In reading these verses you can’t help but notice the use of the impersonal pronoun “it” in speaking about the body of Jesus. It was no longer His body, for in verse 50 of this Chapter as He hung from that Cross, “When then Jesus had cried out again in a loud voice, He gave up His spirit.” The Greek word for “gave up” literally means to permit, allow, or hand over. Jesus was in complete control…even to the point of having total dominion and power over His time of death…He let His spirit pass, and the body that remained behind was just a empty shell.
This very intimate moment happened during the Last Supper when Jesus and His disciples were eating the Passover meal together. There must have been gasps and awkward silence as the disciples watched their Lord take on the role assigned to the lowest of lowest servants. For the washing of dusty, dirty feet was a part of hospitality and custom of the time… a generous and gracious way to receive guests into your house…and usually done by a lowly, and young servant. It says that when He had finished, He said, “Now that I, Your Lord and Teacher, have washed your feet, you also should wash one another’s feet.” But what was Jesus trying to tell us? First, Jesus was teaching us by example. In Matthew 20:28 He explained, “The Son of Man did not come to be served, but to serve and to give His life as a ransom for many.” So what He’s telling us is that we need to follow His example by having a servants heart. And in doing so, we can show others recognition and gratitude that’s steeped in humility and love. For it says He washed the feet of all the disciples…including the feet of Judas.
Jesus had just cleared the Temple area of the money-changers and merchants. The crowd then started bringing Him all their sick…and He healed them all it says. To add to this building excitement, the children were running among the people shouting praises to God! But when the Pharisees and the Sadducees entered the Temple area, they didn’t see the amazing miracles, or hear the beautiful worship… they instead took offense. Rather than rejoicing in the goodness of God, they in selfish indignation chose to be insulted and offended by what they saw and heard. We need to be wary of taking the bait of Satan, which is taking offense…especially during this current time of difficulty and fear. We can’t judge or second guess people when we don’t know all that’s going on in their life right now. We also can’t allow selfish anger to well up when we think our needs aren’t being met. Now is the time to turn outside ourselves, to guard against taking offense, and to come together.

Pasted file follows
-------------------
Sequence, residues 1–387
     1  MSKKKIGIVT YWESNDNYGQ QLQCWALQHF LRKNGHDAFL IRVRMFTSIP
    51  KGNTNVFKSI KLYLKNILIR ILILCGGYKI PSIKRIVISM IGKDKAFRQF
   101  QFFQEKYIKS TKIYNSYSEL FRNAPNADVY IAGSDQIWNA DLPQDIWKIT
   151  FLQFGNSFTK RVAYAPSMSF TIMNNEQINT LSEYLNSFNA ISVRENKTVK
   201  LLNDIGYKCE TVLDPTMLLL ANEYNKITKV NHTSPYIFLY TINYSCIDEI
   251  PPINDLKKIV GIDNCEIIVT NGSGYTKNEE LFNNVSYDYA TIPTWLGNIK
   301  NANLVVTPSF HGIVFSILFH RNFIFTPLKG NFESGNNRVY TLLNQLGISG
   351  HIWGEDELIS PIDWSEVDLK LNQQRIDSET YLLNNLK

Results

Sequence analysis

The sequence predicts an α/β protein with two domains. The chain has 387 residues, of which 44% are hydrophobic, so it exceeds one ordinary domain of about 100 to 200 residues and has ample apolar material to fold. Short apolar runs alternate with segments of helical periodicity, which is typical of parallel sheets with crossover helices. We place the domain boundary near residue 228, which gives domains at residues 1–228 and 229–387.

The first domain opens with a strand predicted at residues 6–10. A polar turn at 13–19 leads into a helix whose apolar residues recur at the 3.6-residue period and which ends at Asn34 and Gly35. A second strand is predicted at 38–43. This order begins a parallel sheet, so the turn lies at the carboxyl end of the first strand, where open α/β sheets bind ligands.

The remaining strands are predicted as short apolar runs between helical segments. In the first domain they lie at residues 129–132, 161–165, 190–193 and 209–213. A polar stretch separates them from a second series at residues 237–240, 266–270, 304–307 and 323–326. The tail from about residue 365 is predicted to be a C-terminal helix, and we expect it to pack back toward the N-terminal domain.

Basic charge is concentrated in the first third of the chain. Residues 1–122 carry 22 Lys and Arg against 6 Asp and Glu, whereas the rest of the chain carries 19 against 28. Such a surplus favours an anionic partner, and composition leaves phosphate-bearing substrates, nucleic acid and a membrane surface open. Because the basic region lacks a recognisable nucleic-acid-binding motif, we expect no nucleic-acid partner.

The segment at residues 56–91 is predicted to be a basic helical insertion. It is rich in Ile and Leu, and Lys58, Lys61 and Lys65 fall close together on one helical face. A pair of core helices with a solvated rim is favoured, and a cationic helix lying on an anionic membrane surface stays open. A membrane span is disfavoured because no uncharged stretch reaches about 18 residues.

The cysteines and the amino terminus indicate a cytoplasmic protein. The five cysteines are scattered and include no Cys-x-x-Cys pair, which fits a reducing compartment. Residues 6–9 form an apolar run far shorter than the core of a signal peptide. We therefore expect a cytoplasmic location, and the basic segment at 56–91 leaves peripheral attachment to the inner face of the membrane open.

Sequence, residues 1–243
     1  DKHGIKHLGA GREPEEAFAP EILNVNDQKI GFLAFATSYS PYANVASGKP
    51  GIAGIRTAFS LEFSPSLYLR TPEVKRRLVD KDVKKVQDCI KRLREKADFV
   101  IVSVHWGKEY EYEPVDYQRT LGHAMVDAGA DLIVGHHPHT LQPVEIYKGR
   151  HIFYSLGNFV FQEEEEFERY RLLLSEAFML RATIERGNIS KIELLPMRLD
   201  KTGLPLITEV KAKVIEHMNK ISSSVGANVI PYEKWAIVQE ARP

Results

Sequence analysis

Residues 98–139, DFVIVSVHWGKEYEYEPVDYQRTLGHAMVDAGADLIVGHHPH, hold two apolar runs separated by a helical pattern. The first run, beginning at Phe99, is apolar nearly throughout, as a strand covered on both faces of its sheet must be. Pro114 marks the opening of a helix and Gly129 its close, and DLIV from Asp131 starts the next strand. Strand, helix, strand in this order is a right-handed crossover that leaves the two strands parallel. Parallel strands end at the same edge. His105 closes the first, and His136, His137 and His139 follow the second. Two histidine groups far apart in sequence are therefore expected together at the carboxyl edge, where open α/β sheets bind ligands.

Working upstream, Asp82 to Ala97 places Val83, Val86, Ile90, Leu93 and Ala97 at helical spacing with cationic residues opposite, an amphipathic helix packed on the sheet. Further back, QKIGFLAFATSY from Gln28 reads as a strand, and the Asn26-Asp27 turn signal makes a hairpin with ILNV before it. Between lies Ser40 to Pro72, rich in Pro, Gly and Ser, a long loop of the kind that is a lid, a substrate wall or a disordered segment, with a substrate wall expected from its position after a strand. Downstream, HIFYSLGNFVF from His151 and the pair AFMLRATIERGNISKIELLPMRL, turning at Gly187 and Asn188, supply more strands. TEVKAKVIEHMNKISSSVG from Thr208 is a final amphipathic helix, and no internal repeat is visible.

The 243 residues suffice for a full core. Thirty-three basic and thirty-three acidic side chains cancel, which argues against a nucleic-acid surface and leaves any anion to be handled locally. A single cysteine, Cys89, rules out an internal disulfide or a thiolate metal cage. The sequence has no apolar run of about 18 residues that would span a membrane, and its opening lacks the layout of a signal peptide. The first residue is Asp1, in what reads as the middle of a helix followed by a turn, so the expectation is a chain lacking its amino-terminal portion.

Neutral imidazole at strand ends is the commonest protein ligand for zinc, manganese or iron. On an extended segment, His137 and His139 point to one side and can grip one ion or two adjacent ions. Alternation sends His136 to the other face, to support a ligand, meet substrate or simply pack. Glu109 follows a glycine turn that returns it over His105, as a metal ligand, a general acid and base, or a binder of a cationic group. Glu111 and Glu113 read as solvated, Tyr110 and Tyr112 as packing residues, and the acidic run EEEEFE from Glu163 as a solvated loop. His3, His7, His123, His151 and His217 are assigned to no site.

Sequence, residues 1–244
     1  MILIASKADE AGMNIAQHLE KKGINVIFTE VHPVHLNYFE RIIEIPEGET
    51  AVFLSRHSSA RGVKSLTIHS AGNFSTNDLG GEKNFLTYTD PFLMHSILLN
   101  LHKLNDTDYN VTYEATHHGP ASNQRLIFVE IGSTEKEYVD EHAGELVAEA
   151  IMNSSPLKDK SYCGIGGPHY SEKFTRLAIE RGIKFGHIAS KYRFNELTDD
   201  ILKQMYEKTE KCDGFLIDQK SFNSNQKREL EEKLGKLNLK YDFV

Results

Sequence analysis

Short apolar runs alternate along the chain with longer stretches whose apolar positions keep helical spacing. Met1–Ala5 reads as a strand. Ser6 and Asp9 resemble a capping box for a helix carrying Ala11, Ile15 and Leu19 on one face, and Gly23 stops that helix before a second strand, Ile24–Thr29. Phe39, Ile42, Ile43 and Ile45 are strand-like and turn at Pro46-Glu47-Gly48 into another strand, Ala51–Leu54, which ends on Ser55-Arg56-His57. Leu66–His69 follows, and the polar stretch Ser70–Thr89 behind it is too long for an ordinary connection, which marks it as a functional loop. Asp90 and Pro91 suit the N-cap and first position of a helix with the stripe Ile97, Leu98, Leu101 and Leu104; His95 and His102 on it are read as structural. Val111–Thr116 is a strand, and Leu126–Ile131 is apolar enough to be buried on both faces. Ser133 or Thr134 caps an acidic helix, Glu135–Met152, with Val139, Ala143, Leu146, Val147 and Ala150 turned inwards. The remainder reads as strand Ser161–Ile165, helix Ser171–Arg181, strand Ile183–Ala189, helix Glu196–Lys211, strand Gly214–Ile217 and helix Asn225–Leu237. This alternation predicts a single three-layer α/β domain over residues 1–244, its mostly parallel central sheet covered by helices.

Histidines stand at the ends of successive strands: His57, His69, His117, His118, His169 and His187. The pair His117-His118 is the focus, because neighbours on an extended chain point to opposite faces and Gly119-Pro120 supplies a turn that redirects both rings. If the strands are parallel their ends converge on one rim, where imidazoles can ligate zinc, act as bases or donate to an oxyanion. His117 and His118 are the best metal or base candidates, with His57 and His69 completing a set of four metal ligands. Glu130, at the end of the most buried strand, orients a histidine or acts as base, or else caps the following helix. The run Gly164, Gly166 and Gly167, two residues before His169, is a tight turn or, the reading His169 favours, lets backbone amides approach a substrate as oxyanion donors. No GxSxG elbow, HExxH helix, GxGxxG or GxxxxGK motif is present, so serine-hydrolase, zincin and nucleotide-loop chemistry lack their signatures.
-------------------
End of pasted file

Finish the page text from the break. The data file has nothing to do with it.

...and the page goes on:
That could have been me in place of Peter. How can I self-righteously think that I would have behaved any differently? Peter had followed Jesus for three years, watching as He preached, healed, and performed miracle after miracle. But despite all Peter had been part of, he still denied he even knew who Jesus was. Yes, it could have easily been me disowning the Lord. For any time I allow fear to mute my voice in speaking the truth of God…I’m silently renouncing Him…more afraid of possible retribution or embarrassment than speaking up. That’s because when I’m silent instead of standing up for what’s right and good and godly…I’m quietly condoning sin.
The whole of mankind hoped with eager anticipation…awaiting the promise of the fulfillment of the coming Messiah…only to watch Him die a terrible and horrific death on the Cross. The day after that shocking event, the human soul was holding its breath…struggling to remember the words of Jesus while despair tried to crowd out any shred of hope. Human life hung in the balance between hope and hopelessness that fateful day. But God is the God of hope, (Romans 15:13) and we have this hope as an anchor. (Hebrews 6:19) So if today, you’re facing the impossible, the incurable, the irreversible…put your hope in God and fix your eyes on Him. For if God can raise Jesus from the dead, He can breathe life into your sick, dying body, revive a struggling marriage, or break the chains of addiction off a loved one. For as long as there is hope, there’s life.
God’s plan was to save the nations through the coming Messiah, Jesus Christ. In this Scripture, Isaiah foretells of this plan and purpose…or what we call the New Covenant. Jesus explained this plan and purpose to Paul on that fateful road to Damascus in Acts 26:18 when He said, “I am sending you to them to open their eyes and turn them from darkness to light, and from the power of Satan to God, so that they may receive forgiveness of sins and a place among those who are sanctified by faith in Me.” And God has faithfully maintaining that covenant with all mankind…offering salvation and life… and the chance to break free of the chains of bondage that hold us prisoner.
Here the Prophet Isaiah speaks of the punishment Jesus endured…the flogging, beating, and bludgeoning He bore at the hands of the priests, elders, scribes, and Roman soldiers. (Mark 14:65) The Son of Man was battered beyond identification…disfigured beyond human semblance…for you. He endured it all for you… that you may have fellowship with God and the gift of eternal life.